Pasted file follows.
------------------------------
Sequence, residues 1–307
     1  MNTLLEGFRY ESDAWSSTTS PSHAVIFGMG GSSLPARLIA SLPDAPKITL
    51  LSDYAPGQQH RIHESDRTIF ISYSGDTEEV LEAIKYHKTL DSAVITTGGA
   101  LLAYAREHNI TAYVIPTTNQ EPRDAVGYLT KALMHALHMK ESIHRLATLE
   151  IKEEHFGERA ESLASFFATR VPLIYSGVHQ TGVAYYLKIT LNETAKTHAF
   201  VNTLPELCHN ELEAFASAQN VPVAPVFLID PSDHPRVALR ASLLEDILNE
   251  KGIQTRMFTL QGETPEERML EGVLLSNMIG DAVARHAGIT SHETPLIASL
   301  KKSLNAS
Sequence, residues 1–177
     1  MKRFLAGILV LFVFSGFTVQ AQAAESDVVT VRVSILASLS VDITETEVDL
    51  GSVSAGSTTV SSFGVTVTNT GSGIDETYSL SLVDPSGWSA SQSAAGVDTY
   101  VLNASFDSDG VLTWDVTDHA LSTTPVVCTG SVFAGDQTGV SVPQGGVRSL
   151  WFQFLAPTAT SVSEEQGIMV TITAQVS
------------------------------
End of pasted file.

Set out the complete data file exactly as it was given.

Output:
Sequence, residues 1–307
     1  MNTLLEGFRY ESDAWSSTTS PSHAVIFGMG GSSLPARLIA SLPDAPKITL
    51  LSDYAPGQQH RIHESDRTIF ISYSGDTEEV LEAIKYHKTL DSAVITTGGA
   101  LLAYAREHNI TAYVIPTTNQ EPRDAVGYLT KALMHALHMK ESIHRLATLE
   151  IKEEHFGERA ESLASFFATR VPLIYSGVHQ TGVAYYLKIT LNETAKTHAF
   201  VNTLPELCHN ELEAFASAQN VPVAPVFLID PSDHPRVALR ASLLEDILNE
   251  KGIQTRMFTL QGETPEERML EGVLLSNMIG DAVARHAGIT SHETPLIASL
   301  KKSLNAS
Sequence, residues 1–177
     1  MKRFLAGILV LFVFSGFTVQ AQAAESDVVT VRVSILASLS VDITETEVDL
    51  GSVSAGSTTV SSFGVTVTNT GSGIDETYSL SLVDPSGWSA SQSAAGVDTY
   101  VLNASFDSDG VLTWDVTDHA LSTTPVVCTG SVFAGDQTGV SVPQGGVRSL
   151  WFQFLAPTAT SVSEEQGIMV TITAQVS